Senegal also has 65 political parties which contribute to development of the country through working towards a successful transition to democracy in the country, and even among other developing countries on the African continent. The unicameral National Assembly has 120 members elected separately from the president. A single house legislature, and a fair and independent judiciary also exist in Senegal. The nation's highest courts that deal with business issues are the constitutional council, and the court of justice, members of which are named by the president.
Senegal has a reputation for transparency in government operations. The level of economic corruption that has damaged the development of the economies in other parts of the world is very low. Today Senegal has a democratic political culture, being part of one of the most successful democratic transitions in Africa.
Local administrators are all appointed by and very responsible to the president.
Senegal is located on the west of the African continent. The Senegalese landscape consists mainly of the rolling sandy plains of the western Sahel which rise to foothills in the southeast. Here is also found Senegal's highest point, an otherwise unnamed feature near Nepen Diakha at 581 m. The northern border is formed by the Senegal River, other rivers include the Gambia and Casamance Rivers. The capital Dakar lies on the Cap-Vert peninsula, the westernmost point of continental Africa.
The local climate is tropical with well-defined dry and humid seasons that result from northeast winter winds and southwest summer winds. Dakar's annual rainfall of about 600mm (24 in) occurs between morgan June and October when maximum temperatures average 27°C (80.6°F); December to February minimum temperatures are about 17°C (62.6°F). Interior temperatures are higher than along the coast, and rainfall increases substantially farther south, exceeding 1.5m (59.1 in) annually in some areas.
In January 1994, Senegal undertook a bold and ambitious economic reform program with the support of the international donor community. This reform began with a 50 percent devaluation of Senegal's currency, the CFA franc, which was linked at a fixed rate to the former French franc and now to the euro. Government price controls and subsidies have been steadily dismantled. After seeing its economy contract by 2.1% in 1993, Senegal made an important turnaround, thanks to the reform programme, with real growth in GDP averaging 5 % annually during 1995-2001. Annual inflation had been pushed down to less than 1%, but rose to an estimated 3.3% in 2001. Investment rose steadily from 13.8% of GDP in 1993 to 16.5% in 1997.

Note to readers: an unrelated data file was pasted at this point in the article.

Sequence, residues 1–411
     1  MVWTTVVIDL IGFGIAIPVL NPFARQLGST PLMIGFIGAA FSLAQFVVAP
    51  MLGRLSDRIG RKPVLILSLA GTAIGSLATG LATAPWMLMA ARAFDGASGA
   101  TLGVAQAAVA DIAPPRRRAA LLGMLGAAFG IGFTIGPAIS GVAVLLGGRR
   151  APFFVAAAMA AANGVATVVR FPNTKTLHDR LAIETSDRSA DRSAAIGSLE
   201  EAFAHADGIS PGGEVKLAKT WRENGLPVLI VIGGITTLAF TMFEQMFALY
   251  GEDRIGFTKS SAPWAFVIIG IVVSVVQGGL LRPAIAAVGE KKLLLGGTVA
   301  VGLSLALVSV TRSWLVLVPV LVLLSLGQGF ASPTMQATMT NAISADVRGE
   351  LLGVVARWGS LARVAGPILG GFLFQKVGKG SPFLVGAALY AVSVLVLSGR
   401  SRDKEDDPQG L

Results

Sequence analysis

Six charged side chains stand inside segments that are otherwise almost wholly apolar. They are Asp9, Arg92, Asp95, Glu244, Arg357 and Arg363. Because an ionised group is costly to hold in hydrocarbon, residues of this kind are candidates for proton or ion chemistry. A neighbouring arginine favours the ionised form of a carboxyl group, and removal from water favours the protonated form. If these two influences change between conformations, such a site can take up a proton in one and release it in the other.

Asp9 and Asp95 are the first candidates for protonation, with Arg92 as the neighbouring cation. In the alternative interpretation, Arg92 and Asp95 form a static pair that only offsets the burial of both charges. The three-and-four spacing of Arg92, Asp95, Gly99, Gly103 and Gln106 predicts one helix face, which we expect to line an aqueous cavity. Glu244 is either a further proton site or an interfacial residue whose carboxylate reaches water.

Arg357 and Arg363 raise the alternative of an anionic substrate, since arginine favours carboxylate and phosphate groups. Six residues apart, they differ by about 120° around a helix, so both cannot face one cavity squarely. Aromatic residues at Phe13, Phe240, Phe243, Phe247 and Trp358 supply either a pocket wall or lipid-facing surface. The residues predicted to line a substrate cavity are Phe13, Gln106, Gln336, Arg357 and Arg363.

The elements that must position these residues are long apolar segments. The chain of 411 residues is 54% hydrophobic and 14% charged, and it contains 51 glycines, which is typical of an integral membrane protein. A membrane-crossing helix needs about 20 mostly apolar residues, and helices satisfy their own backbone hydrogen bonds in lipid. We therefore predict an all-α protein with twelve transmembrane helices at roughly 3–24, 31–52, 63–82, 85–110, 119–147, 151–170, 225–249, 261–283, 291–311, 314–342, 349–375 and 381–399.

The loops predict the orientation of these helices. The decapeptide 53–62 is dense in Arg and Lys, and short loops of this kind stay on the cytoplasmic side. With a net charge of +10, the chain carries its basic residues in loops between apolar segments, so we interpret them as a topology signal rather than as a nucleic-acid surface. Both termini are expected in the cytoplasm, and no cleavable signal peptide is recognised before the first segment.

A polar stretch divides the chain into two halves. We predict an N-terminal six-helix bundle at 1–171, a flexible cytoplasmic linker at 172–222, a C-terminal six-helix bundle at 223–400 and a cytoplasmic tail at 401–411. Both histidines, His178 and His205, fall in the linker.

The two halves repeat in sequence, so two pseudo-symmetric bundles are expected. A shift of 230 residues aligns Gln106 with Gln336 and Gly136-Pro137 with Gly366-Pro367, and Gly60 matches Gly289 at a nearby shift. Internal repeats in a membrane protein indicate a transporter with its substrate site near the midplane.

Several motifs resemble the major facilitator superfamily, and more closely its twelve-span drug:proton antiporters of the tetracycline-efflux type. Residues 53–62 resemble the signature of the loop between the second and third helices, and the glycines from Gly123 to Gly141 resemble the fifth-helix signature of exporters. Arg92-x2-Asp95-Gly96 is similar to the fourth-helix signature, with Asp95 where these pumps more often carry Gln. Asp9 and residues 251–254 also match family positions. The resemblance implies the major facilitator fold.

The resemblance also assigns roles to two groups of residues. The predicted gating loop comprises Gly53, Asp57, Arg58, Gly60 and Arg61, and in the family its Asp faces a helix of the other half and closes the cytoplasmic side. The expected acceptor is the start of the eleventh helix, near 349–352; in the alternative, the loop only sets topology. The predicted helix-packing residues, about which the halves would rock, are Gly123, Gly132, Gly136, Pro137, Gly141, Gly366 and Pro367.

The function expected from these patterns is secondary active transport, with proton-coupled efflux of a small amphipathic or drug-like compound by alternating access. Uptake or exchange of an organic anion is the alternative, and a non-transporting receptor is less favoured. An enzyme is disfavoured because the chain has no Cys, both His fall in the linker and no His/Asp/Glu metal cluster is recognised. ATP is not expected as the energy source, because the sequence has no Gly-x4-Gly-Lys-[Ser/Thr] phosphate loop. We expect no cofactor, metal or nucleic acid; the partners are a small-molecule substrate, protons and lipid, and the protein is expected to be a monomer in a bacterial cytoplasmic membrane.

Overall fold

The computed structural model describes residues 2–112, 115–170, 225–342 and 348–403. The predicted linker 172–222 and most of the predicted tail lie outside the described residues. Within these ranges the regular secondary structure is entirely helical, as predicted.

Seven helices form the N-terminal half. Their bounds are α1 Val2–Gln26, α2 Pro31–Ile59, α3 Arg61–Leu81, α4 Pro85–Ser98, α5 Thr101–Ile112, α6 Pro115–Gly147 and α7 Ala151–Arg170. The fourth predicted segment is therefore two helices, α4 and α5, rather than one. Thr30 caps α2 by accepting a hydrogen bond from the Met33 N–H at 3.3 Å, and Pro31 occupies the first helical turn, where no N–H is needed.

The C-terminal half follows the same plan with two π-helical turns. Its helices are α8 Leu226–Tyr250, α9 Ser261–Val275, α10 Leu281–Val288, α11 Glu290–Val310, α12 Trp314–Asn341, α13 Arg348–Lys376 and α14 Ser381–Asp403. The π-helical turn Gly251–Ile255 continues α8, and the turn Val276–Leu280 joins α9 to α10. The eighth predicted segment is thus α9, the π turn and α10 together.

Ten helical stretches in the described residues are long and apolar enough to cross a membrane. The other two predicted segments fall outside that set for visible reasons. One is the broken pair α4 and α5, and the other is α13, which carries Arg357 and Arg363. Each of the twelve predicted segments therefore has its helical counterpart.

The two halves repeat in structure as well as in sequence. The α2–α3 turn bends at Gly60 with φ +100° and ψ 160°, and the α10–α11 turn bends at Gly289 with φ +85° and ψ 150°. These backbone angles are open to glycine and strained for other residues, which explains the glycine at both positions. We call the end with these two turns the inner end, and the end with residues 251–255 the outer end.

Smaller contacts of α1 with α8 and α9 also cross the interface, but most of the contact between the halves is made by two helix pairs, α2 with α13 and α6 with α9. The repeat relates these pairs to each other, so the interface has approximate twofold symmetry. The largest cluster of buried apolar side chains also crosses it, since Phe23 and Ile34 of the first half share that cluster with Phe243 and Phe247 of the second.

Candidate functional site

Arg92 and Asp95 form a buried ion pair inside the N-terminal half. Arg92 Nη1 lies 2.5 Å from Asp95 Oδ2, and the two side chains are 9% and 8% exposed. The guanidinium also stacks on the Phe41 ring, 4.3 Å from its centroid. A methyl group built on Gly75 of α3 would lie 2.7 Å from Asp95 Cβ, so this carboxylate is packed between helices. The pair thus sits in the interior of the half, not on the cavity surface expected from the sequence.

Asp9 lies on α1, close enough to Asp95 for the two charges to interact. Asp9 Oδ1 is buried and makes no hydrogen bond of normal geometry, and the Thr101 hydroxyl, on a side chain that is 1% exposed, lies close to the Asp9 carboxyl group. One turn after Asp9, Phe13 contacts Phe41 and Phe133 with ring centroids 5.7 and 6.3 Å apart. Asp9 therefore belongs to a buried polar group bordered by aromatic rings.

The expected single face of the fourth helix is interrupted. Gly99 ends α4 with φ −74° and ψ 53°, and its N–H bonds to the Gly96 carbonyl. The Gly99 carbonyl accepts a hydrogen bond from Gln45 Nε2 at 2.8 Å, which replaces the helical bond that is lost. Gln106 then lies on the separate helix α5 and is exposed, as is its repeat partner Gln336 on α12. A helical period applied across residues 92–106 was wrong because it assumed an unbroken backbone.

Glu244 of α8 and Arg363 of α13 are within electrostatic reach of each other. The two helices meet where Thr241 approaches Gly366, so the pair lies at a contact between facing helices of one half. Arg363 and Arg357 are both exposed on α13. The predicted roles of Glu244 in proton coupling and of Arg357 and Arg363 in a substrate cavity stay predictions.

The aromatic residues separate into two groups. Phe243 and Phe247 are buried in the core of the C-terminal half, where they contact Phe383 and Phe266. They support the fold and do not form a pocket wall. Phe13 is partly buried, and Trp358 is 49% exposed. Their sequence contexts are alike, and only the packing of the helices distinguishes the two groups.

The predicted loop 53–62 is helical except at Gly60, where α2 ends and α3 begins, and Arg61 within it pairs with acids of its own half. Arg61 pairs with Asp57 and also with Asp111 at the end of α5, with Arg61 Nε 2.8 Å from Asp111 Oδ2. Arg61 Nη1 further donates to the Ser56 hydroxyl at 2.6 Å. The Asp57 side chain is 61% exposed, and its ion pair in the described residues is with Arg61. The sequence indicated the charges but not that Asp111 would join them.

As a member of the West African Economic and Monetary Union (WAEMU), Senegal is working toward greater regional integration with a unified external tariff. Senegal also realised full Internet connectivity in 1996, creating a miniboom in information technology-based services. Private activity now accounts for 82% of GDP. On the negative side, Senegal faces deep-seated urban problems of chronic unemployment, socioeconomic disparity, juvenile delinquency, and drug addiction; much as produced within hierarchically class-based populations in the developed/industrialized world's urban environs.
Senegal has a population of some 11 million, about 70 percent of whom live in rural areas. Density in these areas varies from about 77km² in the west-central region to 2 km² in the arid eastern section.
Senegal has a wide variety of ethnic groups and, as in most West African countries, several languages are widely spoken. The Wolof are the largest single ethnic group in Senegal at 43%; the Fula and Tukulor (24%) are the second biggest group, followed by others that include the Serer (15%), Lebou (10%), Jola (4%), Mandinka (3%), Maures or Naarkajors, Toucouleur, Soninke, Bassari and many smaller communities (9%). About 50,000 Europeans (1%) (mostly French) as well as smaller numbers of Mauritanians and Lebanese reside in Senegal, mainly in the cities. Also located primarily in urban settings are the minority Chinese and Vietnamese communities. From the time of earliest contact between Europeans and Africans along the coast of Senegal, particularly after the establishment of coastal trading posts during the fifteenth century, communities of mixed African and European (mostly French and Portuguese) origin have thrived. Cape Verdeans living in urban areas and in the Casamance region represent another recognized community of mixed African and European background. French is the official language, used regularly by a minority of Senegalese educated in a system styled upon the colonial-era schools of French origin (Koranic schools are even more popular, but Arabic is not widely spoken outside of this context of recitation). Most people also speak their own ethnic language while, especially in Dakar, Wolof is the Lingua Franca. Portuguese Creole is a prominent minority language in Ziguinchor, regional capital of the Casamance, where some residents speak Kriol, primarily spoken in Guinea-Bissau. Cape Verdeans speak their native creole.